Community Spotlights are question-and-answer features that highlight Dodge Foundation grantees, partners, funders, giving circles, staff and trustees, all of whom are working to transform New Jersey into a model of racial justice and equity where everyone can thrive. For this Community Spotlight, we spoke to the Rev. Dr. Charles F. Boyer, founding director of Trenton-based organization Salvation and Social Justice.
Tell us a bit about your organization.
We are an advocacy organization that seeks to change public policy to be more humane and liberating for Black people by utilizing strategies derived from the emergence of the Black faith community in the United States. These people created their own community-led and -imagined spaces and alternatives to an abusive society. They did so by never losing hope, fierce unapologetic advocacy, and radical reconciliation and love.
What’s your vision for a just and equitable New Jersey?
We work towards a New Jersey that will one day invest more into Black people’s health, humanity, and well-being than into punitive measures like police and prisons. We envision a New Jersey where poverty is significantly reduced because those in power admit and repair the centuries old harm done to Black people.
What is the mission and vision of your organization? What is the change you’re hoping to make in New Jersey and more generally?
Our mission is to abolish structural racism and liberate public policy theologically by modeling and building the hope and resiliency of Black faith, where historically marginalized people move from lament to liberation by advocating, envisioning and creating their own community-led solutions. Our vision is to see a truly just and equitable society especially for Black people who have consistently borne the brunt of injustice.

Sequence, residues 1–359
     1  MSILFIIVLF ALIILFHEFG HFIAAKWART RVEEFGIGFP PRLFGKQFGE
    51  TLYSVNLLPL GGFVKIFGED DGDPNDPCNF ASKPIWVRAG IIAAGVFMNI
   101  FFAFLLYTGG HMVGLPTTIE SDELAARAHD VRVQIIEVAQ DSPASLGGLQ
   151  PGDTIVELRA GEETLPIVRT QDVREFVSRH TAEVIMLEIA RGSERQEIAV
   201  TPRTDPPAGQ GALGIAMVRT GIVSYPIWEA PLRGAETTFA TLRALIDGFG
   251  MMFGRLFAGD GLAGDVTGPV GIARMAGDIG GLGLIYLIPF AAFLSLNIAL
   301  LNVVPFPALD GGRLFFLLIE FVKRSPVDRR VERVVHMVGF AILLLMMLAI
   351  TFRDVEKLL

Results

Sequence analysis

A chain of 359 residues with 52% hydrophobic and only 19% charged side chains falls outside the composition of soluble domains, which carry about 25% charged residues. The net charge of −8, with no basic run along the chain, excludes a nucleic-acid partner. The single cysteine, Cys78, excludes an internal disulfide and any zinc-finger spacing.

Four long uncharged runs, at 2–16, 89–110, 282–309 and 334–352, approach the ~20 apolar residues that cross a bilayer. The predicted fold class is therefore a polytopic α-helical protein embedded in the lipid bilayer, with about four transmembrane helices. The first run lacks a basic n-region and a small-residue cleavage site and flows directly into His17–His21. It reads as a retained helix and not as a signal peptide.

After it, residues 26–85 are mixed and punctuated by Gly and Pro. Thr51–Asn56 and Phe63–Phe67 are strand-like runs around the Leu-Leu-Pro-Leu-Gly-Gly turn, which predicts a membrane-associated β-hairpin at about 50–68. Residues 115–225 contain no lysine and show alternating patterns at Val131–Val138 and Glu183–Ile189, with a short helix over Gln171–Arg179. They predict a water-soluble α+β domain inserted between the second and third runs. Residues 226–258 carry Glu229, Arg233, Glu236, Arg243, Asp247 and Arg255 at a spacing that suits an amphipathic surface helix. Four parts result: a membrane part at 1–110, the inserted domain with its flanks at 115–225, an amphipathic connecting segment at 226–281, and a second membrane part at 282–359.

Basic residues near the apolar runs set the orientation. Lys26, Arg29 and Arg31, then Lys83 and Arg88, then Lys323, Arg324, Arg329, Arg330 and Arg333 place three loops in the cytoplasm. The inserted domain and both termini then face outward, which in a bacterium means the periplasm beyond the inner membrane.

Our vision is to see a truly just and equitable society especially for Black people who have consistently borne the brunt of injustice.
When did you know this is what you wanted to do with your career?
When I entered seminary, Payne Theological Seminary gave me an understanding and appreciation of the Black church and its impact in ways I had not previously realized. The theology taught at this historically Black seminary emboldened me from the deepest levels of my faith to do this work.
What’s an example of your work having the impact you envisioned? What’s a success story for you?
The work I’m most proud of is the advocacy that led to over 8,000 people being released from prison during the pandemic. New Jersey had the deadliest prisons in the nation. Our advocacy led to lives being saved and a 40 percent reduction in the state’s prison population. This movement was led by family members of the incarcerated and faith leaders and was launched by a Black-faithed themed funeral. This like no other success displayed the power of our mission and theory of change.
What’s next for you and your organization? What is your big rock for the next 12 months?
As we have moved into Trenton, it has become a major goal for us to make a difference for the residents in the city. Our 12-month goal is to implement direct impact in restorative justice, violence interruption, reentry, and Black maternal health. As we look to make these connections with the most impacted residents, we hope to build Trenton based advocates for social change.